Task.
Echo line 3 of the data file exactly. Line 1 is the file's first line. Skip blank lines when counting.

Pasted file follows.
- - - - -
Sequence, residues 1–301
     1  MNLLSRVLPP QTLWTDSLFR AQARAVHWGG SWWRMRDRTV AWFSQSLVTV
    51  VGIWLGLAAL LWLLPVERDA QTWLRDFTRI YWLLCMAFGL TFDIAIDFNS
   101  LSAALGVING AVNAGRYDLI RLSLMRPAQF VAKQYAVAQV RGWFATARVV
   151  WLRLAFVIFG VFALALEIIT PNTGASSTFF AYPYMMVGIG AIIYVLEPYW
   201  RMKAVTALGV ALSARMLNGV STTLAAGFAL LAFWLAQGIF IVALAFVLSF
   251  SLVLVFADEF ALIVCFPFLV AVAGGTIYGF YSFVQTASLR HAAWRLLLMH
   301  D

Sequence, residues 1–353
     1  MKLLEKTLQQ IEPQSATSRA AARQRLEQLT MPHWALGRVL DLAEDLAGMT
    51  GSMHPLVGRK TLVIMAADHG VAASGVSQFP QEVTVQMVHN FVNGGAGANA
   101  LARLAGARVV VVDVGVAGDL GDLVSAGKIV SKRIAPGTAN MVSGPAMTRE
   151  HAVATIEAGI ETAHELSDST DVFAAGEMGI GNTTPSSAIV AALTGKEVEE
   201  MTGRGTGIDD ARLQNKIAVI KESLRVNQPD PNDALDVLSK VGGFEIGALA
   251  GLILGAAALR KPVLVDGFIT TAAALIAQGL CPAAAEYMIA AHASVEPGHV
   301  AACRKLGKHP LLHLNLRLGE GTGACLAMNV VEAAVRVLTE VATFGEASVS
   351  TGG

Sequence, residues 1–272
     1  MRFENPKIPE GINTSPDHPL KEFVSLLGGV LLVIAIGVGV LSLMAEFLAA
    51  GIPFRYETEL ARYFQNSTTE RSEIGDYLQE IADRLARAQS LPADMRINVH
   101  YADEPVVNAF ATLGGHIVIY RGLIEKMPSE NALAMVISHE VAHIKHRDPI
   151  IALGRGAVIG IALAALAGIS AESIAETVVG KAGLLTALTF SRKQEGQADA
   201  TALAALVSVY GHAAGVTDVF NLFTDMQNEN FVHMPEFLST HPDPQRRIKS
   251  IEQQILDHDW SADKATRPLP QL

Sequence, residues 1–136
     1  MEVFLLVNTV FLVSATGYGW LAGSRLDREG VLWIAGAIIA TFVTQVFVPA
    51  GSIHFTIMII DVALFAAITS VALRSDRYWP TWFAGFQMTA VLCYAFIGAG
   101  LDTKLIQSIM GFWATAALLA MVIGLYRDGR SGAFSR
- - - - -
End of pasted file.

    51  VGIWLGLAAL LWLLPVERDA QTWLRDFTRI YWLLCMAFGL TFDIAIDFNS